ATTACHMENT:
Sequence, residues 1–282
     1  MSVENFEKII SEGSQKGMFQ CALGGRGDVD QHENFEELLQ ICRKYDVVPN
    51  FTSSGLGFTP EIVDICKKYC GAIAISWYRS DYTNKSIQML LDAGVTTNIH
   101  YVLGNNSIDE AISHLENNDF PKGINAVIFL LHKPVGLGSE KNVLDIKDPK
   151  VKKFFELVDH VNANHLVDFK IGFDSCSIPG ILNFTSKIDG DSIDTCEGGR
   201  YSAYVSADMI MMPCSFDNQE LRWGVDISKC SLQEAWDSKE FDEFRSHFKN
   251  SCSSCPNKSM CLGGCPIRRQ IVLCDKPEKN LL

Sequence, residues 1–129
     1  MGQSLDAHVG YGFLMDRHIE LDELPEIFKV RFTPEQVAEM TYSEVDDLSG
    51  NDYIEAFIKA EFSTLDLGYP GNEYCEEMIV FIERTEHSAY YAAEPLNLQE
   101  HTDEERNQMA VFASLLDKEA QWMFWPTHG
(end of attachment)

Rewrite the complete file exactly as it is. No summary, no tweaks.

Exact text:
Sequence, residues 1–282
     1  MSVENFEKII SEGSQKGMFQ CALGGRGDVD QHENFEELLQ ICRKYDVVPN
    51  FTSSGLGFTP EIVDICKKYC GAIAISWYRS DYTNKSIQML LDAGVTTNIH
   101  YVLGNNSIDE AISHLENNDF PKGINAVIFL LHKPVGLGSE KNVLDIKDPK
   151  VKKFFELVDH VNANHLVDFK IGFDSCSIPG ILNFTSKIDG DSIDTCEGGR
   201  YSAYVSADMI MMPCSFDNQE LRWGVDISKC SLQEAWDSKE FDEFRSHFKN
   251  SCSSCPNKSM CLGGCPIRRQ IVLCDKPEKN LL

Sequence, residues 1–129
     1  MGQSLDAHVG YGFLMDRHIE LDELPEIFKV RFTPEQVAEM TYSEVDDLSG
    51  NDYIEAFIKA EFSTLDLGYP GNEYCEEMIV FIERTEHSAY YAAEPLNLQE
   101  HTDEERNQMA VFASLLDKEA QWMFWPTHG